The Onion, dubbed “America’s Finest News Source,” (and it’s most satirical), has released their video “Tips For Choosing The Right Veterinarian.” The tips are pretty funny, but oddly enough, actually pretty practical, if you look at them in a certain light. For example:
Tip No. 1: Do your research to ensure the facility is open during the hours when your pet typically swallows an entire tube of tennis balls.
It’s a good idea to tell your clients about who to contact in an emergency, in case their dog DOES eat an entire tube of tennis balls. (We wouldn’t put it past dogs; just look at our 2016 “They Ate What?!” X-ray Contest.) While you’re at it, encourage your clients to sign up for pet insurance, so when—not if, let’s be real—their dog does eat the tube, they can get reimbursed for most of the bill.
Tip No. 3.: Make sure the vet demonstrates a keen interest in your pet. If they spend most of the appointment asking about your skin, this could indicate you’ve entered a dermatologist’s office.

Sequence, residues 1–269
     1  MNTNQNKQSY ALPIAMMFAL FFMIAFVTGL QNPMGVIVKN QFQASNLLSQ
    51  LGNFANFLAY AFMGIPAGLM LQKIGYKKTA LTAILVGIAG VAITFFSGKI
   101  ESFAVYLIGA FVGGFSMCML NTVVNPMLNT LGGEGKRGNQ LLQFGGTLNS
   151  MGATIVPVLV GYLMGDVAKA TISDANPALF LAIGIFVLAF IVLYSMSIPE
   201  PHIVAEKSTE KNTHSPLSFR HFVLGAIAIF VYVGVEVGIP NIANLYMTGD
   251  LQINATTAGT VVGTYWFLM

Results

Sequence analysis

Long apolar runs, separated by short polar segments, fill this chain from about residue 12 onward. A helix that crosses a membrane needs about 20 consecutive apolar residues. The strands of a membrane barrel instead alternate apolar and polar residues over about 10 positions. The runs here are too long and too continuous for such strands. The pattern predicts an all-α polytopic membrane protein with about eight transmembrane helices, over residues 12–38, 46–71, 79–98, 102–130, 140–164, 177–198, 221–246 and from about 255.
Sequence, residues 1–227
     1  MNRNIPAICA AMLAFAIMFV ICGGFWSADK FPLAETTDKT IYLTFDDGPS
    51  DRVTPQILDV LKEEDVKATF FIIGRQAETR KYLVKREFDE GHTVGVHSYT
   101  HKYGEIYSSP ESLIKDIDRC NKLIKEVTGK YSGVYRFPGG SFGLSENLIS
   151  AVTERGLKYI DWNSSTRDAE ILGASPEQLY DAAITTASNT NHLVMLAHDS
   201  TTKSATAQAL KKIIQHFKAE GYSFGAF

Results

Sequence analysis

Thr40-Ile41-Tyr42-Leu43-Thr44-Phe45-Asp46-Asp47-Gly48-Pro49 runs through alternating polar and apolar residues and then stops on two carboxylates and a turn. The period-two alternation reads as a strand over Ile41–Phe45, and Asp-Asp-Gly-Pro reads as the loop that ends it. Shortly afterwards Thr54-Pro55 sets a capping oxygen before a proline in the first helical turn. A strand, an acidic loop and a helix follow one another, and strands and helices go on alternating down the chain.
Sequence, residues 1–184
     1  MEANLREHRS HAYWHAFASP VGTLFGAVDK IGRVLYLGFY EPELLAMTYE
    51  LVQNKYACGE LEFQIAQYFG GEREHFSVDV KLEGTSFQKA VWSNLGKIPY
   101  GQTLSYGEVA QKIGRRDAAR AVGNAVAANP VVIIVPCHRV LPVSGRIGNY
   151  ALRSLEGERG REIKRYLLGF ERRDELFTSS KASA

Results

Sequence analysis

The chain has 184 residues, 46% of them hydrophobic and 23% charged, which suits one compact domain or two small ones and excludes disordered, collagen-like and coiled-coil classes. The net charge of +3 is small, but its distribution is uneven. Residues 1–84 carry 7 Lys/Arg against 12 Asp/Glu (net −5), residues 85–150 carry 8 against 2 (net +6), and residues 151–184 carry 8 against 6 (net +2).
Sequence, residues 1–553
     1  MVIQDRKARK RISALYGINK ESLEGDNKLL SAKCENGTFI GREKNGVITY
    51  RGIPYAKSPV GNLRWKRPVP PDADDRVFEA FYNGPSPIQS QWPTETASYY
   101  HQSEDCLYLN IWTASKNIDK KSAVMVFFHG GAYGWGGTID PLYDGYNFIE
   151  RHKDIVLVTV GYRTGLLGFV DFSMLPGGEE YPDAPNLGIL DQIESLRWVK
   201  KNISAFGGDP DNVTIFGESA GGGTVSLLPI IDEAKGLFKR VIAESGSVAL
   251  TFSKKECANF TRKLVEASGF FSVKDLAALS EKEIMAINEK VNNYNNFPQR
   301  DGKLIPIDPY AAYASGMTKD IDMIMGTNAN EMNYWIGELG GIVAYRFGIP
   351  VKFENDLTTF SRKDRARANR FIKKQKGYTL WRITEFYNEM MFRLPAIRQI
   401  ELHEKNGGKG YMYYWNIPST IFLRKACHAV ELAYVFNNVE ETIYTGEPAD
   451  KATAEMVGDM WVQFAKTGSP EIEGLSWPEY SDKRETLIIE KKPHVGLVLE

The Onion jests here… But sometimes people forget veterinarians and vet techs are animal doctors/nurses, not human ones. Case in point? This story from our article, “Vet Clients Say the Darndest Things“:
“A gentleman brought in an older Basset hound one day, and he was in his overalls, boots and no shirt. He wanted her to be checked for ticks, but as I was bringing her into the back, he followed, asking if I could check him for ticks, too. I was mortified, and the only polite thing I could think of saying is that because we’re a veterinary clinic, we treat things with tails, so unfortunately I couldn’t help.”
Tip No. 5: It’s important to note the office’s proximity to an ice cream parlor in the event that you have to soothe a sobbing child.
… OK, let’s be honest: No one really likes screaming, crying or hyperactive children in the office lobby. Go get the kids some ice cream.
So good job, Onion! Like most of your satirical pieces, there’s a kernel of truth in them.
What tips would you add to this video? Let us know in the comments.